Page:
BY MARY WICOFF MWICOFF@DANCOMNEWS.COM
---- — CATLIN — On Christmas Eve, the Taylor family will gather around the television set to watch son Garrett’s latest production.
In fact, the 30-year-old Catlin native will be there, too, watching “A New York Christmas to Remember” with parents Ted and Constance Taylor.
Garrett Taylor was music director for the special, featuring host Regis Philbin and the puppetry of Jane Henson. It was taped at the Church of St. Paul the Apostle in Manhattan, which Taylor attends. Philbin was baptized in the church, and other noted entertainers attend services there.
In the hour-long program, Philbin will proclaim the Bible passages of the birth of Jesus as dramatized by the puppet characters created by the late Jane Henson.
There also will be performances by Heather Henson, the Fordham University Choir, the National Children’s Chorus and the St. Paul the Apostle Choir.
Constance Taylor said, “We’re looking forward to the show. We’re just really proud (of Garrett).” Besides, she added, she’s always been a big fan of Philbin.
Taylor likened his job as music director to someone who steers a ship, and keeps everything on course. He oversees more than 100 people, including a 25-piece orchestra and a 24-member choir, which he put together using his church choir and professional singers. He’s also conductor and pianist, but does not sing in the production.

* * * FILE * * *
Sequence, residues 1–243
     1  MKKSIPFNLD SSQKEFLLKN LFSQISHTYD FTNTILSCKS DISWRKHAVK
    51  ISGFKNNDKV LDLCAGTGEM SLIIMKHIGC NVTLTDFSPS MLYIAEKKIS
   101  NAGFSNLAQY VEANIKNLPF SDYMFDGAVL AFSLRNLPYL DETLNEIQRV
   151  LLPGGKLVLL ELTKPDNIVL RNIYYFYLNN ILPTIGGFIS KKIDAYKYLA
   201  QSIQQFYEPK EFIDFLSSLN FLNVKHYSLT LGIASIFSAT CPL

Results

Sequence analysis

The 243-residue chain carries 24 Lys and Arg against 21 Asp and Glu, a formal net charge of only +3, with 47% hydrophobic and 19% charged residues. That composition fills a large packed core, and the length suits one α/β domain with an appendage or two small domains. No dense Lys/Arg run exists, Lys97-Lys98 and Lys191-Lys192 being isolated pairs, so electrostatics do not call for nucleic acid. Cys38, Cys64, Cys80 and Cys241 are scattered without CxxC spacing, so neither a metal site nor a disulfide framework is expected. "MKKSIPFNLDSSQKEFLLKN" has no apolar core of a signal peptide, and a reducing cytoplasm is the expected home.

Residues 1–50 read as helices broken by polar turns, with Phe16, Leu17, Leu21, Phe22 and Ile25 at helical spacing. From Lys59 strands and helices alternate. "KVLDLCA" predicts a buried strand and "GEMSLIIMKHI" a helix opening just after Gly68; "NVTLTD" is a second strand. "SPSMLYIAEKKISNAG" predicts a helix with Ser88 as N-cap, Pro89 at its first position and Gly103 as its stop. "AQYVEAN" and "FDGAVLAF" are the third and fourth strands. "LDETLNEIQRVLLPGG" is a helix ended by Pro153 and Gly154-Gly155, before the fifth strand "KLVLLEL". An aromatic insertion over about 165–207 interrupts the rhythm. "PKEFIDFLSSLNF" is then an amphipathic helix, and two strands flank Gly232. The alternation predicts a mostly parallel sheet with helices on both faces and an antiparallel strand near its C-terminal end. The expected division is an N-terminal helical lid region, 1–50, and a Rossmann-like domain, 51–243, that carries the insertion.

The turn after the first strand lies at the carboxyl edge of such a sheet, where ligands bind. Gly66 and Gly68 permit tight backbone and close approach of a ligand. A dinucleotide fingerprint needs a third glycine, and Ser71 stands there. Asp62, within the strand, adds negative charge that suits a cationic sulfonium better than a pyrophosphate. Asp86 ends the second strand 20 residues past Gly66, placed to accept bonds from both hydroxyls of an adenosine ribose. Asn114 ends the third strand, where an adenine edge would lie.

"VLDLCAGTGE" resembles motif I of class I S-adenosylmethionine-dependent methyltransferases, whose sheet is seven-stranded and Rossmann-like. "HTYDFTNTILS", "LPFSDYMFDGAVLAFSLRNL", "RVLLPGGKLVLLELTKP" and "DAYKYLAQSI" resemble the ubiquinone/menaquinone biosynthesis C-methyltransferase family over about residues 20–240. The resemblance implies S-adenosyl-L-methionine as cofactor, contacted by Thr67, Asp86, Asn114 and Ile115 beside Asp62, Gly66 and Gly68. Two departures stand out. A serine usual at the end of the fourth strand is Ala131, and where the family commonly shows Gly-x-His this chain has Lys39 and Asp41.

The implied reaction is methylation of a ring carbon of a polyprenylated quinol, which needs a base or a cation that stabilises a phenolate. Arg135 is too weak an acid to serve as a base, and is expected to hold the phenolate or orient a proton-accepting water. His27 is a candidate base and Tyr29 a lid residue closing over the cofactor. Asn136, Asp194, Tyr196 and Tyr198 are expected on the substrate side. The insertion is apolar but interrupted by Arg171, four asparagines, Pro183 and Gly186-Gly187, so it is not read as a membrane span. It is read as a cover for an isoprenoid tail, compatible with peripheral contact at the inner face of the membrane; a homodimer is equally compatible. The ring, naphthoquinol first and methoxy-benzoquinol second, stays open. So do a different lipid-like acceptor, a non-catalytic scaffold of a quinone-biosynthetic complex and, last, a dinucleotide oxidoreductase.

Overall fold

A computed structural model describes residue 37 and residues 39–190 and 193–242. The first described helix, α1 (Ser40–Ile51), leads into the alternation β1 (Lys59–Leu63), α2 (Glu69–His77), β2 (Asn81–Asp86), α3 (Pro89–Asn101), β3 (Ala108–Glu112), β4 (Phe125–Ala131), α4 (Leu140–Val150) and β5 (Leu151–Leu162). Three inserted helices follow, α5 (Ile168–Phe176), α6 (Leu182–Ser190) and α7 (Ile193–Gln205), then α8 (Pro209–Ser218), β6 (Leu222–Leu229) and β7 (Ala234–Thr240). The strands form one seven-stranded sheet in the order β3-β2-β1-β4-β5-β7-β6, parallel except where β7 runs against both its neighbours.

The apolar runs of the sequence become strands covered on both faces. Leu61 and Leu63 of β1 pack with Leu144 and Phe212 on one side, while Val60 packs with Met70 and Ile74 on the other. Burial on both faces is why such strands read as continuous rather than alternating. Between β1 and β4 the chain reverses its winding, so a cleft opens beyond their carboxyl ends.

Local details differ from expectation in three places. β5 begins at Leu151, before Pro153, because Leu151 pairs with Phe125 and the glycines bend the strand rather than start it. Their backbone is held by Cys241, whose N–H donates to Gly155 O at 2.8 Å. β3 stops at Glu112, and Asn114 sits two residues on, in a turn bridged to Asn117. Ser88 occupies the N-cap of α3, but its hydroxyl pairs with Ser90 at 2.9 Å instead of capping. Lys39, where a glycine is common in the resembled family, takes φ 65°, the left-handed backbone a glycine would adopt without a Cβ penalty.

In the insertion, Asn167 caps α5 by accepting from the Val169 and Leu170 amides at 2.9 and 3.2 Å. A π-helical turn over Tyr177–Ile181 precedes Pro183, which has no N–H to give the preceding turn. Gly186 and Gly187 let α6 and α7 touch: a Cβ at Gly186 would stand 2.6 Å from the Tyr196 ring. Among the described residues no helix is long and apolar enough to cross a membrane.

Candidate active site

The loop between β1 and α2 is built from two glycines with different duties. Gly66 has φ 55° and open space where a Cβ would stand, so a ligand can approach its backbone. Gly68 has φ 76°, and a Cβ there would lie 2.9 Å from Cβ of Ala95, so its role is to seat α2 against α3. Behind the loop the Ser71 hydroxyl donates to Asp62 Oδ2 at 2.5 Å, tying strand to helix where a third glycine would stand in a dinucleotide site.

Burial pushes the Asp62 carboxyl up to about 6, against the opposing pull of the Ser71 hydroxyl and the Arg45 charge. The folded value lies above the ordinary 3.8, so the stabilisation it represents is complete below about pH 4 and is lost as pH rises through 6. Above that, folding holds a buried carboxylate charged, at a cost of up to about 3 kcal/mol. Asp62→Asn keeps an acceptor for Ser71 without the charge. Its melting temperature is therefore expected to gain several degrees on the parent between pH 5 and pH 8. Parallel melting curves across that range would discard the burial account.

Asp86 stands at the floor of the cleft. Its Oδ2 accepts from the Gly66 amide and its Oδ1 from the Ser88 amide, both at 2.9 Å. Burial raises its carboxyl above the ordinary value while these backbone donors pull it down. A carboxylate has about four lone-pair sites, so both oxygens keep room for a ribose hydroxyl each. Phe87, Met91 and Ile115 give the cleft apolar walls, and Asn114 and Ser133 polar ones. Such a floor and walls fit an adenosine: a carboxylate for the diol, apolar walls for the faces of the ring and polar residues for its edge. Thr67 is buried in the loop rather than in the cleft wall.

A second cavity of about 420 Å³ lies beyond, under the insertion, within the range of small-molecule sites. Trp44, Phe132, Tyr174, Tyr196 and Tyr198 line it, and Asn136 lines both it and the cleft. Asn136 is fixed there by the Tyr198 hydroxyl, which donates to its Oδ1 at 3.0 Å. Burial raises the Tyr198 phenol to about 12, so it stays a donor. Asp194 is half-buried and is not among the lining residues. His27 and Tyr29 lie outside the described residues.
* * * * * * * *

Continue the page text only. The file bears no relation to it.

About 5 million viewers are expected to tune in Tuesday night, but that didn’t make Taylor nervous during the taping.
“You go in and do your job and hope and pray that your work and preparation come together,” he said in a telephone interview from New York. “Everything is about telling the Christmas story.”
It helped that he had some talented people to work with, he said, adding, “I was so pleased to have a top-notch production team. Everybody was so lovely to work with.”
The special will feature well-known Christmas songs, carols, the Nativity story, and reflections, he said.
One of the highlights will be the puppets created by Jane Henson, who died last year. While studying theology, she was taken with the medieval three-dimensional Nativity scenes. She creatively blended those into a new format using puppets.
“It was always a dream of Jim Henson to have something like this,” Taylor said. “It’s amazing how life-like they are.” The details are very meticulous, he said.
Taylor is excited about Tuesday’s program, calling it unique. “Even in New York City, these things don’t happen all the time. It really is something different and special,” he said.
“I’m excited for people to see this and experience this. Things like this don’t happen a lot.”
There will be no commercials; two pre-filmed video segments will be shown so the performers could have a break. Taylor said there also will be bird and angel kites flying in the church.
While he has performed at Carnegie Hall, this is Taylor’s first time doing a TV special, he said. “I try to treat it like everything else,” he said.
Taylor also has worked on “Annie” on Broadway all year, teaching the children music. He also has worked for six years on “Wicked” during its 10-year Broadway run, playing keyboard in the orchestra pit.
He’s music director at his church, and gives voice lessons in Manhattan. He’s a 2001 graduate of Catlin High School and a 2005 graduate of Millikin University in Decatur, where he studied vocal performance. He appeared in numerous local productions.
Constance Taylor said of her son, “He’s so talented. I don’t think they’ve tapped his talent yet.”
The holiday special could lead to bigger opportunities for him, she said, but added, “He’s famous to us.”
FYI The TV holiday special "A New York Christmas to Remember" will air at 10:35 p.m. CST Tuesday on CBS.